David Berube, Ph.D., a professor of communication and author of Nanohype: The Truth Beyond the Nanotechnology Buzz, intends to use the 4-year grant to develop a way for scientists to convey research findings that are more easily absorbed by the public.
“When the public tries to understand technical information on health and safety, they do not turn to scientific data,” Berube pointed out. Instead, he said people “use their own preconceived ideas and biases” to determine what is safe, and whether or not their conclusions are supported by science. This includes public perceptions of nanotechnology and its associated risks and safety issues.
The emerging science of nanotechnology, which generally is defined as technology using substances measuring 100 nanometers or less, is expected to have widespread uses in medicine, consumer products and industrial processes. The technology currently is used in a variety of products, such as cosmetics and sunscreens.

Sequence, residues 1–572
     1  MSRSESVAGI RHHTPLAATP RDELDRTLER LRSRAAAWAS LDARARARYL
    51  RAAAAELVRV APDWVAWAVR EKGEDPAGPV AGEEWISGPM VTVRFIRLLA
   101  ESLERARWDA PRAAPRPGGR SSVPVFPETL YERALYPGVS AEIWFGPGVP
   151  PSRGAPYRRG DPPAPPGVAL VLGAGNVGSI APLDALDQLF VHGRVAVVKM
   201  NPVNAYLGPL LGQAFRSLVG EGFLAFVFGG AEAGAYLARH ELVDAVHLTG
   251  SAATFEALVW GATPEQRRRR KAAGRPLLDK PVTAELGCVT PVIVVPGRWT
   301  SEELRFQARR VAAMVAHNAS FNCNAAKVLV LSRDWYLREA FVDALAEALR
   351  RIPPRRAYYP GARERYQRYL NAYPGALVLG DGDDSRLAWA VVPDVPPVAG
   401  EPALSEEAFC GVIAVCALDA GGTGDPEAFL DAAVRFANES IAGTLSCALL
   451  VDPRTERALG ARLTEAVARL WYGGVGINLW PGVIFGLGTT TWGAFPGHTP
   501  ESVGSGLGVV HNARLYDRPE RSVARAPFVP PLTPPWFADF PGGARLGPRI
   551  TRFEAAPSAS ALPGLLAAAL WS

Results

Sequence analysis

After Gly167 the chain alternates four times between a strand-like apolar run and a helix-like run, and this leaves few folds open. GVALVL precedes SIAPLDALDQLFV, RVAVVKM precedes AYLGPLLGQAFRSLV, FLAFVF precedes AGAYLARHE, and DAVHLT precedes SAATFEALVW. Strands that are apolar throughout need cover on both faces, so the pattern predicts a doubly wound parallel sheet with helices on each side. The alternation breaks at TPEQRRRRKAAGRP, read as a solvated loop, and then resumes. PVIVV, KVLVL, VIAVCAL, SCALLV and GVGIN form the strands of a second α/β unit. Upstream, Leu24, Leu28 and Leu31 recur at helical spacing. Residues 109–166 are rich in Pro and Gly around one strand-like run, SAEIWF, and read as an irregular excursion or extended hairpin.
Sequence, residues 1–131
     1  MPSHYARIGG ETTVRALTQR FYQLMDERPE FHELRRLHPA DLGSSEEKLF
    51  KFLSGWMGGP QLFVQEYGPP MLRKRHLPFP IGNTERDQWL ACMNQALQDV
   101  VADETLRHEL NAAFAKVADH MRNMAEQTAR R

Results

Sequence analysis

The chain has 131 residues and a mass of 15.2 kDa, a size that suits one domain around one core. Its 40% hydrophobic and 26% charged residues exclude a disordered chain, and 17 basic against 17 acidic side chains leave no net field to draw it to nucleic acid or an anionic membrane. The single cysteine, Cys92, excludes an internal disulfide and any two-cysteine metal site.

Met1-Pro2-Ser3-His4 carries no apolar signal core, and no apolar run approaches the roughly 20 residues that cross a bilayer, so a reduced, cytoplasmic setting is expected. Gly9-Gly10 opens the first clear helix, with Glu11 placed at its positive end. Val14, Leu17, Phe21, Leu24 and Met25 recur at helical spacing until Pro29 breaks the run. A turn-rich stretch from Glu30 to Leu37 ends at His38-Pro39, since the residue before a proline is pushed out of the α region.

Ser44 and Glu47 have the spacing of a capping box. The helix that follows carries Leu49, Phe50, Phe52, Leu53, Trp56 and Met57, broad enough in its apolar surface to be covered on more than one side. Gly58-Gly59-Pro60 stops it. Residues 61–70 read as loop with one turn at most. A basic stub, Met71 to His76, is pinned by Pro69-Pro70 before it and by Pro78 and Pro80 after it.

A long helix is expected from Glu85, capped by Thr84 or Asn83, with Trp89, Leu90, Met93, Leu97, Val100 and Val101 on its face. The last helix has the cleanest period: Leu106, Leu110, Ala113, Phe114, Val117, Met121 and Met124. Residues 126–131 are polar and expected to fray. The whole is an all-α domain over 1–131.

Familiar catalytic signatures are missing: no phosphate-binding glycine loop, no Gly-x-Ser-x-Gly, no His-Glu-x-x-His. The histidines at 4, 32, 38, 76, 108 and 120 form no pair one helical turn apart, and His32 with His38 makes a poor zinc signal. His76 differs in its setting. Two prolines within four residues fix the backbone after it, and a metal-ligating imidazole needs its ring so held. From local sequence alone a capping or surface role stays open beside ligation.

Berube acknowledged that studying how people understand and perceive risks associated with nanotechnology can be difficult considering that “a lot of this information is about life and death, and most people have trouble understanding the difference between a risk of 1 in 1 billion and a risk of 1 in 1,000.”
He stressed the importance of finding the best way to distribute accurate information regarding nanotechnology not only to the public, but also to state or federal regulators. As a result, regulators can make informed decisions about what is or is not safe.
The grant also will support a 2-day conference, “Communicating Risk in the 21st Century,” in Raleigh, N.C., this summer.